Excerpt from an interview at Junior Library
Malya Aditi International School on 20-11-2003
WHY DID YOU START WRITING BOOKS
I love kids. All over the world. My goal is to reach children
anywhere, anytime, rich or poor, black or white. I think kids
have no guile and are sincere and full of fun! I really love
WE JUST LOVE
YOUR BOOKS, ESPECIALLY LAZY BONES
AND RUMBLING GRUMBLING POT OF WORRIES.
Thank you very much. It makes me so happy that kids
love my books. I had written many versions of these
stories and they were rejected many times.
Finally I fine-tuned them and they were accepted. I
feel very strongly that if you believe in an idea, you
must keep at it until you succeed!
WHO IS YOUR INSPIRATION FOR WRITING?
I get inspiration from anywhere and anything. But most of
all, I love people. I think in a very humorous way and I think
young. Since I love kids so much, I know what excites them
and what makes them tick
WHAT IS THE AVERAGE AMOUNT
YOU TAKE FOR WRITING EACH BOOK?
If I get an idea, I jot it down. The next day, it may
seem very silly. But one idea leads to another and finally
we have the whole book. I start with a character and
build a plot around her to match her way of thinking.
All this could take a little more than a week for a
15 page book. It's the revisions after this that take
WHAT ARE THE QUALITIES THAT AN
AUTHOR SHOULD HAVE?
If you want to write, be observant of everyone around you
- animals, birds, trees, friends, relatives, folk you love,
folk you hate. Some day, they will all be a part of your stories
whether real or fantasies. An author should be willing to
rewrite her work many times until she and her target audience
is happy. If you're writing for kids, try your stories out
on them. Understand your target audience thoroughly. Love
them, if you want to reach them.
DO YOU LIKE A LOT OF COLOURS?
I am a professional artist and I love all colours. I
use them to my
advantage depending on the character I am creating.
DO YOU THINK A LIBRARIAN AND A WRITER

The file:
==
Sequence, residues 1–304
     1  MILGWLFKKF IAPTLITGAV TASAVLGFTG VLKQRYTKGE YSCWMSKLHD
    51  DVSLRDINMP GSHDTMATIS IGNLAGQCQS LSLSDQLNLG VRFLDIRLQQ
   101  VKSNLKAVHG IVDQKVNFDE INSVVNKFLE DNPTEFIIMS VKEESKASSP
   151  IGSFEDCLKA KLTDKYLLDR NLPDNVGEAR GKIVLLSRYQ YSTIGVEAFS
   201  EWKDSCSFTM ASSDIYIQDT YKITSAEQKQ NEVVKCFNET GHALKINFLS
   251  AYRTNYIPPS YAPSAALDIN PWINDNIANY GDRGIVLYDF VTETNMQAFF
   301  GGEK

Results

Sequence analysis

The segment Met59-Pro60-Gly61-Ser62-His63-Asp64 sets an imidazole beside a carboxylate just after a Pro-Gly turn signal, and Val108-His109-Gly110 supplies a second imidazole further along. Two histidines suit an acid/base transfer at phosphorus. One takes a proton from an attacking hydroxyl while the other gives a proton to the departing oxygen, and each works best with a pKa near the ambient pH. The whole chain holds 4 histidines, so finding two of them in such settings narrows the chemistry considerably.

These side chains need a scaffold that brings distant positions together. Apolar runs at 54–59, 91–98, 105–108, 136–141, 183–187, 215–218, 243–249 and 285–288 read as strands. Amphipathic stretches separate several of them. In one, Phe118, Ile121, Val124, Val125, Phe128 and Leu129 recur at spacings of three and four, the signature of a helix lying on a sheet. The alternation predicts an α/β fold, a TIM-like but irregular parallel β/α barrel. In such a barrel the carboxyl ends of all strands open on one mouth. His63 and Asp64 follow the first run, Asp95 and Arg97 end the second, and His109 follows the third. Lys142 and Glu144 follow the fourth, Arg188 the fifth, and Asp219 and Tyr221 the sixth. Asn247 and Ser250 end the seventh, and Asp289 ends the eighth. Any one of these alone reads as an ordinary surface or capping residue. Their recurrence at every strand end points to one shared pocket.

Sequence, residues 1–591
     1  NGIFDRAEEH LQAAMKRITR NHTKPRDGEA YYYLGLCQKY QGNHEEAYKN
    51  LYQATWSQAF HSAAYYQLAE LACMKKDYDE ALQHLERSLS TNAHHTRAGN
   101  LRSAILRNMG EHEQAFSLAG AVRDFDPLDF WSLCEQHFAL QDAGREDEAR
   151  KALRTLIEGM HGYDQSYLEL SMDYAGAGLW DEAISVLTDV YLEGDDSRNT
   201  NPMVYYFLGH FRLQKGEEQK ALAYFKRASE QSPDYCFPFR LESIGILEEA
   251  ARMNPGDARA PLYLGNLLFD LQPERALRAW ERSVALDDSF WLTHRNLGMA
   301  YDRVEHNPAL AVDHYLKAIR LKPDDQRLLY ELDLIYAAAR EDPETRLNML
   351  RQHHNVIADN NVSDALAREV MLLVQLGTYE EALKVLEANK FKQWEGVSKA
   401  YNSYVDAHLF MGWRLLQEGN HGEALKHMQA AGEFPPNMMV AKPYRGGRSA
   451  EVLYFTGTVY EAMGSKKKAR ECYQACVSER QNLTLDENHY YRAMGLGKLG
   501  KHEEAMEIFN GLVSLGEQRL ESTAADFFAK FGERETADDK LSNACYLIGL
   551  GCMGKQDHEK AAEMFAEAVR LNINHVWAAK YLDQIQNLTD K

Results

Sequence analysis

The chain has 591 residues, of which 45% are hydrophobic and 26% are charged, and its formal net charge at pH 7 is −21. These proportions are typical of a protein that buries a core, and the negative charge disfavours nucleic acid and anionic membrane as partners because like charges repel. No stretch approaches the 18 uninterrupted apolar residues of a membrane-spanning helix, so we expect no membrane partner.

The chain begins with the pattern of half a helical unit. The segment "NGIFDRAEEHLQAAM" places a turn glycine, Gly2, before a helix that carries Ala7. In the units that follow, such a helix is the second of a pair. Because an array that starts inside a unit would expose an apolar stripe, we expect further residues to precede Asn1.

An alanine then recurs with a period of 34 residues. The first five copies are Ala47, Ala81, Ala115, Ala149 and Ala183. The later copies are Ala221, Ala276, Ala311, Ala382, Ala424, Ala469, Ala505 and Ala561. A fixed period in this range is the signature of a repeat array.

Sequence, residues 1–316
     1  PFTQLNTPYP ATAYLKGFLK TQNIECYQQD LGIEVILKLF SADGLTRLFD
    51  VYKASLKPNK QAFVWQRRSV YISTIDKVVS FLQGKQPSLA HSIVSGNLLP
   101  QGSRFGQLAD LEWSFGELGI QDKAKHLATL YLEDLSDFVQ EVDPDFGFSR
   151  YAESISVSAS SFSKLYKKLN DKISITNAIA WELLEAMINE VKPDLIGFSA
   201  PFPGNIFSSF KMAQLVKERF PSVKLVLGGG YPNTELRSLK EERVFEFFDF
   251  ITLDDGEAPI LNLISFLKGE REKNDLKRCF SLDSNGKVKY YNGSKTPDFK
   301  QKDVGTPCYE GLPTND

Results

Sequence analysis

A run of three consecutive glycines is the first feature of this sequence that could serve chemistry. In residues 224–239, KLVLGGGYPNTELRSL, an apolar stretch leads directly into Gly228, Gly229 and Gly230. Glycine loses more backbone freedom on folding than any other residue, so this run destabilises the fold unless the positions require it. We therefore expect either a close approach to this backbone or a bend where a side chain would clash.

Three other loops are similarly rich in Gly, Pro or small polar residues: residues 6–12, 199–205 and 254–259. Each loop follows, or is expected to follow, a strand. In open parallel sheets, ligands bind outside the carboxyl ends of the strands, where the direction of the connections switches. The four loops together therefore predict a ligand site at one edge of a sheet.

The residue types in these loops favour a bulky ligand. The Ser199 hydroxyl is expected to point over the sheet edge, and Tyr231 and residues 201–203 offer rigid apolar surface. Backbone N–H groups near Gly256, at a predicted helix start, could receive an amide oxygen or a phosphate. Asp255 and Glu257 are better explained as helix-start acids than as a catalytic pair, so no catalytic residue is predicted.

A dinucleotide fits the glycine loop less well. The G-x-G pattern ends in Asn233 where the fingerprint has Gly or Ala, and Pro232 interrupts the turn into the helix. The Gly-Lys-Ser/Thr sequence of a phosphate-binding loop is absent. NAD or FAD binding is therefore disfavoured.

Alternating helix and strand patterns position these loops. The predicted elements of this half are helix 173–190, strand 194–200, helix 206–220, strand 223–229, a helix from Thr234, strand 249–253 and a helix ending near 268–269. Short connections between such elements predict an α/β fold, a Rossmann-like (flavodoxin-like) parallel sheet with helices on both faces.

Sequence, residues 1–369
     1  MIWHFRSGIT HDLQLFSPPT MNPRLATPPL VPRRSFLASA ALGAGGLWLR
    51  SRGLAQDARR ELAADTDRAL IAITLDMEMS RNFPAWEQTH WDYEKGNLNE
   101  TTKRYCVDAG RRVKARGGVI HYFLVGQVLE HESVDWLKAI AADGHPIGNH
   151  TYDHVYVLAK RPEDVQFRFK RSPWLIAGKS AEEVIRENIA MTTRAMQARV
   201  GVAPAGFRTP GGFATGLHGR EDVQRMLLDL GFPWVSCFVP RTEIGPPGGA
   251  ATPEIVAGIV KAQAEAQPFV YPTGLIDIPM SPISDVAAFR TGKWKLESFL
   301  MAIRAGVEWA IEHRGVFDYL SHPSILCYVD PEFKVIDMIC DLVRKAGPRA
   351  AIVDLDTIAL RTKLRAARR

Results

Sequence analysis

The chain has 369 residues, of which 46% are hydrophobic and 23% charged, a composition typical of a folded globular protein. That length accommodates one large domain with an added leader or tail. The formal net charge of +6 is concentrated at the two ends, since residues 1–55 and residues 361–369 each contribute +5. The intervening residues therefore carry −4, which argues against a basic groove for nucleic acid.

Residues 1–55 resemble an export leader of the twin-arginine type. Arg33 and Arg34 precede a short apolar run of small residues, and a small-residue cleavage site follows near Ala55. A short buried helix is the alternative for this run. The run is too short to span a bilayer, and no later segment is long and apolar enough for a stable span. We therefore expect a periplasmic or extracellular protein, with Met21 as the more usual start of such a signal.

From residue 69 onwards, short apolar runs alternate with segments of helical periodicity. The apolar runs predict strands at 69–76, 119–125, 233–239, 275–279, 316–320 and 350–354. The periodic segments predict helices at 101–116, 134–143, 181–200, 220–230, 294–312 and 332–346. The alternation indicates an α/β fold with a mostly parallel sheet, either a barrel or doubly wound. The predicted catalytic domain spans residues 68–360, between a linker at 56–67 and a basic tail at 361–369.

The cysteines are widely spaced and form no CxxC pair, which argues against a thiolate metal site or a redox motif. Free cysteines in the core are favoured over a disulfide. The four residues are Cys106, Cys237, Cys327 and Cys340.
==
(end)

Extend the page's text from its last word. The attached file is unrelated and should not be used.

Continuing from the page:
FOR CHILDREN HAVE SOMETHING IN COMMON?
Both writer and librarian should appreciate
kids and be aware of what makes them tick. Children are easy
to guide if they love and respect you. If they are comfortable
in your presence, they will automatically be attracted to
what you do.
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Economic Times, Madras Plus
Thursday, August 3rd, 2006
Interview:Anupama V Chand
Creativity and children are synonymous…children’s author and illustrator Jeyanti Manokaran in conversation with ET Madras Plus
Anupama V Chand
She exudes a tranquil peace and charm, and draws children to her like bees to a honey pot! Children’s author and illustrator, Jeyanti Manokaran regaled adults and children alike with her quaint fairytale Ramesh and the Magic Mat, at the drawing and colouring exhibition for children held at Books Bytes ’N’ Beyond, the library and resource center at Sharanalaya Montessori School in Nungumbakkam last Saturday.
Jeyanti first stared her career in advertising, and subsequently worked for education of rural children, under Dr and Mrs Kurien, who introduced the Play-Way Method of education for children in India. Jeyanti has written several short, self-illustrated books for kids, including Saving Grandma’s Tree, based on the Chipko Movement, intended for older kids and A Doggone Good Story, the last one was completed for a client in the US, using him and his two sons to illustrate the story.
"I moved from advertising to writing and illustrating for kids, because I found my heart was set on doing something to enhance their creativity. They are so innocent and impressionable, and today the tools we have at our disposal, such as printing technology and multimedia, only mean that all we need to do is understand what children will love and relate to, and then imagine your character and subject. The sky is the limit, we can do so much," she smiles. She has throughout used the Madhubani and Warli traditional art forms to illustrate her books, and feels kids just love the intricate stick-like dancing forms of Warli art, which literally allows them to think visually. "A little bit of humour always helps with kids. The trick of course is to get them into the reading habit, which is fast disappearing under the onslaught of the multimedia revolution. Parents and teachers should just focus more on books, and provide a nice balance across the mélange of media options available," advises Jeyanti.